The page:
Kanha National Park, said to be an inspiring factor for Rudyard Kiplings ‘Jungle Book’, captured the imaginations of toddlers as well as adults, invoking our deep primal core of being in the wild. The Jungle Book is incomplete without its antagonist ‘Sher Khan’, a Tiger who sits at the top of the food chain is dependent on wildlife and trees to hunt down its prey. The word ‘Jungle’ collectively invokes our consciousness and eternal fantasy to live in the wild where Tigers and other natural creatures reside. To keep our imaginations running wild, Grow-Trees.com has been working on two live projects for Tigers.
Considering the upcoming Global Tiger Day on 29th July, we bring to you a sneak-peak into our own efforts for the Tigers in India. Grow-Trees.com has undertaken four projects which are meant to primarily affect the Tiger population in the country along with helping other wildlife and rural communities.
In this first post out of the two, we are happy to announce the completion of two of our Tiger projects viz. the project at the periphery of Kanha National Park and the project at the Kanha-Pench corridor, both in the state of Madhya Pradesh.
Kanha National Park is one of the finest National Parks in India, located in Banjar and Halon valleys in Mandla / Balaghat and is widely known for its scenic beauty. It is spread over more than 940 sq kms in a horseshoe shaped valley bound by spurs of the Maikal range. It contains one of the largest populations of Tigers in India, along with a decent population of Sloth bears, Leopards, Striped Hyena, Blue Bull, Antelopes, Wild Boars, Spotted Deer, different varieties of Monkeys, etc. Wildlife management at Kanha has managed to rebound extinction of the Barahsingha or Swamp Deer. The forest is also considered a heaven for bird watchers as over 200 species of birds can be spotted in and around.
In order to help the Tiger population in the area, Grow-Trees.com has taken an initiative to plant 100,000 trees at the periphery of the park and has completed the project. These trees are planted in association with Foundation for Ecological Security and are funded by thousands of individuals and scores of companies across the world. To sustain the biodiversity, only local species have been planted such as Bamboo, Amla, Khair, Mahua, Semal, Harra, Behera, Ber, etc. These trees will not only improve vegetation but will also help communities by providing them fruit, fodder, and other forest produce. Planting trees in the periphery of the National Park will reduce the need of villagers to go to the core zone for tree resources which will result in the reduction of man-animal conflict.
Apart from this, Grow-Trees.com completed a 200,000 trees project at the 80 km long S-shaped corridor between Kanha National Park and Pench National Park. The corridor wades through Mandla, Sivni and Balaghat districts of Madhya Pradesh and is considered to be one of the best wildlife corridors in India in terms of encouraging animal movement in the area. Movement of sub-adult Tigers has been recorded multiple times from one national park to the other for mating purposes.
Typically, a Tiger passing through a wildlife corridor has to encounter a gamut of challenges such as poaching, hostility from humans, lack of prey at times, other human interventions in terms of rails and roads etc. This results in the fragmentation of habitats and makes the dispersal more difficult for animals within the corridor. But, such corridors are essential for long term survival and genetic diversity. Without linkages, the Tiger population will be isolated within individual Tiger reserves and will face the risk of extinction due to poaching and loss in genetic vigour eventually.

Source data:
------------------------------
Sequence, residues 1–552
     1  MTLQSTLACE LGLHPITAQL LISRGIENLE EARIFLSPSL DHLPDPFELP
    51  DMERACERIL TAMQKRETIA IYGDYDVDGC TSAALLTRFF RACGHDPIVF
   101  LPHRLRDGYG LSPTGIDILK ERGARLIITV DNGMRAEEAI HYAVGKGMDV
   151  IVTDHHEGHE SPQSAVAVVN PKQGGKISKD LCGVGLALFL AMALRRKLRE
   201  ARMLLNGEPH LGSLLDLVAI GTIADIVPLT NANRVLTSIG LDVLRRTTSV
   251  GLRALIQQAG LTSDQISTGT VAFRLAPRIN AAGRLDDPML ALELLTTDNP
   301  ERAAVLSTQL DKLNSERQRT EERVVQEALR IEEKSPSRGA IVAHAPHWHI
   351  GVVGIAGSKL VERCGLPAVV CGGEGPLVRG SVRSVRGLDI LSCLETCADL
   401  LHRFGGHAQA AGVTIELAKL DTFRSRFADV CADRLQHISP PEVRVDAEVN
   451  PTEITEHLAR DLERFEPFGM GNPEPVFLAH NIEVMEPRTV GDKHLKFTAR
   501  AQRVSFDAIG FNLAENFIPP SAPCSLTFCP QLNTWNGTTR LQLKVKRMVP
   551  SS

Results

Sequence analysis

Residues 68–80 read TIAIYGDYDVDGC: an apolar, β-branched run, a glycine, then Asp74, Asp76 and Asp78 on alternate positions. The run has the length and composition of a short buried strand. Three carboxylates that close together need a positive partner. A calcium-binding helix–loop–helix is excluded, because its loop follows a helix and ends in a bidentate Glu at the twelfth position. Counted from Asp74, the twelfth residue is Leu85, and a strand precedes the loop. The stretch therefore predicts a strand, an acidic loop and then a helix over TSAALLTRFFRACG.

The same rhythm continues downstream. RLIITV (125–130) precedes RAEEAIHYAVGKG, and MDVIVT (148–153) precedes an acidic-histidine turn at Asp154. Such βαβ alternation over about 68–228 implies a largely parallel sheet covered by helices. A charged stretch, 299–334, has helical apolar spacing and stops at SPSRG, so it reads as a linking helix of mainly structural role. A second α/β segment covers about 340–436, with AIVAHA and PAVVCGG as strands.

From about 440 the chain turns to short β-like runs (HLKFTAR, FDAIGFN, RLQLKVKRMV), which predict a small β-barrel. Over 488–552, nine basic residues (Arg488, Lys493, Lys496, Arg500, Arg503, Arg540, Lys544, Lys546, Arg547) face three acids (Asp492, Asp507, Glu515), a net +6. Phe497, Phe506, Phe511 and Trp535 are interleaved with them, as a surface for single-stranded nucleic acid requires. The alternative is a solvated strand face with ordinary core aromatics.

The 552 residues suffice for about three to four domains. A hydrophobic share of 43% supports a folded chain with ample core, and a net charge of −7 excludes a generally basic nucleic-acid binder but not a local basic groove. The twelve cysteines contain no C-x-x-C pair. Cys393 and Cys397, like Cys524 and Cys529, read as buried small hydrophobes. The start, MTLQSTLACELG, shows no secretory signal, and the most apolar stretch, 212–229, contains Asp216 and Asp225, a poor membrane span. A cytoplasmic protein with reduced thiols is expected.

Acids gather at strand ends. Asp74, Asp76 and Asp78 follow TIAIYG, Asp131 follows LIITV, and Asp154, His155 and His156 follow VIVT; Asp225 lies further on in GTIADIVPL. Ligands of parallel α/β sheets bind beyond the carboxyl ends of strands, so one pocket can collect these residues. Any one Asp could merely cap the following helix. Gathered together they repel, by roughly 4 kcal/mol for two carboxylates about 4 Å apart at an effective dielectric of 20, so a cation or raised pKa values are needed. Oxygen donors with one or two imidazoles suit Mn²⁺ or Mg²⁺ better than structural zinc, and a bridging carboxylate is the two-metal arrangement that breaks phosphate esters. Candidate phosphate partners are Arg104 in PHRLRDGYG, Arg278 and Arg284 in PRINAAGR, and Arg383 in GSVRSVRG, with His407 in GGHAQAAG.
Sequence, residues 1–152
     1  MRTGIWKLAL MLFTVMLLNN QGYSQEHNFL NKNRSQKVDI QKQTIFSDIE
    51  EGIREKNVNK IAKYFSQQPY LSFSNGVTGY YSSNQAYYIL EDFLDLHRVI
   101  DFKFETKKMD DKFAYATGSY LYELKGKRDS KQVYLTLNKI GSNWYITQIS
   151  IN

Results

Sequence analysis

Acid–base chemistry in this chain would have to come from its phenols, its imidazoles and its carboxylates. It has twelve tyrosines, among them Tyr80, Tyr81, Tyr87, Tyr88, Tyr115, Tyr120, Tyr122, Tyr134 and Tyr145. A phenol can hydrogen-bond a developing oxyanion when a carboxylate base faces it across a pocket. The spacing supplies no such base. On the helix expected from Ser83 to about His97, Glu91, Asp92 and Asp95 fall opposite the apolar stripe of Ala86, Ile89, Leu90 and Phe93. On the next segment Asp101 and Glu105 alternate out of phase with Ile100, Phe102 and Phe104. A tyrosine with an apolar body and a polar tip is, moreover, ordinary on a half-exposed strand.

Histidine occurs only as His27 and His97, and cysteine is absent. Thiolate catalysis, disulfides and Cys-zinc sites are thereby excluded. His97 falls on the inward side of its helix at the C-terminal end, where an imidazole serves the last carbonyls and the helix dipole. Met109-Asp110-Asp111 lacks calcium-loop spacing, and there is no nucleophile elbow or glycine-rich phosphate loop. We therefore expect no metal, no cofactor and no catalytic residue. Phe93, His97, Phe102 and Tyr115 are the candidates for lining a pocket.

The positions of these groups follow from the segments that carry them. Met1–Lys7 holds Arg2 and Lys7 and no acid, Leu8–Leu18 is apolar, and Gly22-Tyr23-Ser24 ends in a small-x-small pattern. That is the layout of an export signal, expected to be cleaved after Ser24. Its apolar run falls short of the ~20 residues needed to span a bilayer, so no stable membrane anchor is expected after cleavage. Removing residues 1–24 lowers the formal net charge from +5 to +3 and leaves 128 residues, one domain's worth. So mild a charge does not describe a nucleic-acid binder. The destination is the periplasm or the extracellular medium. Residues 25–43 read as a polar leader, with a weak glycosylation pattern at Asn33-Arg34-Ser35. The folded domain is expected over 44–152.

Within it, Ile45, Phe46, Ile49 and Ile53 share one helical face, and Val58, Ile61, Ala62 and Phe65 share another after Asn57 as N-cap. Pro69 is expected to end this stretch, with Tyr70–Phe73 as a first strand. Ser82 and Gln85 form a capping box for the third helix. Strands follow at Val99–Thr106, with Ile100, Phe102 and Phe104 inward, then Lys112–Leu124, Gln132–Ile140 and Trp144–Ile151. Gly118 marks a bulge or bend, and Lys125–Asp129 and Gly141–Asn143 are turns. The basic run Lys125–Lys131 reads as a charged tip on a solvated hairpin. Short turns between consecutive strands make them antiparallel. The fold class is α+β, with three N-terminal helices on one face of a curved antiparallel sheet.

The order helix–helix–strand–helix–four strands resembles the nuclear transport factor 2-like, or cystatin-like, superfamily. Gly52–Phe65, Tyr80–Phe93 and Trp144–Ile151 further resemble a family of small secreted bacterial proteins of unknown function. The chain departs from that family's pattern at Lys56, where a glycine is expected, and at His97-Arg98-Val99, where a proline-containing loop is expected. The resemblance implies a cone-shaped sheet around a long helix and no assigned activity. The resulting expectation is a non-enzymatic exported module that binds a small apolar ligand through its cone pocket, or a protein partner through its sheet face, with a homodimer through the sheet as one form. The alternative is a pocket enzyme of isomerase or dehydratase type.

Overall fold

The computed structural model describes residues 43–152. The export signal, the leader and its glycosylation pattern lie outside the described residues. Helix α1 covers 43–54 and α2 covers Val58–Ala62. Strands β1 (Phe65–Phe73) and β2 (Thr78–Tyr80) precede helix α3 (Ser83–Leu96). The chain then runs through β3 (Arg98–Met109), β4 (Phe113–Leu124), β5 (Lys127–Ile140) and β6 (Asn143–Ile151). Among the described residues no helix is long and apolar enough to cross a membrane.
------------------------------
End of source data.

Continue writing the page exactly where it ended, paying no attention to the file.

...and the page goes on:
Grow-Trees’ effort is to reforest the area through planting activity in the forest area and the common lands that form part of the corridor thus enlarging the habitat. Similar to the Kanha project, these trees will also provide resources to the communities residing in the areas. The communities belong to the tribal section of the society and comprise mainly the Gonds and the Baigas. The tree species planted in the corridor are similar to the ones planted in the Kanha National Park area.
Grow-Trees.com is grateful to Vodafone for funding the entire project of 200,000 trees for over two years. We are slated to plant many more trees in these project areas in the upcoming years to protect wildlife and assist the tribal community. Like the individual Kanha project, this project is also assisted by Foundation for Ecological Security who has put continuing efforts to include the Forest Department and the communities in the decision making process of planting trees successfully.
In the next post of Grow-Trees.com, we will elaborate on the two live projects for Tigers where trees can be planted and dedicated. These projects are at Sariska Tigers Reserve, Alwar, Rajasthan and at the Sundarbans National Park, West Bengal. Please visit and plant trees for Tigers at our project in Sundarbans National Park on World Tiger Day, 29th July 2016. Happy planting!
Unable to view the above button? Click here to plant now!
IMAGE SOURCE: 1st & 4th Image – Nikhil Tambekar | 3rd Image – Meghdut Gorai
One thought on “Grow-Trees for the Protection of Tigers!”
Comments are closed.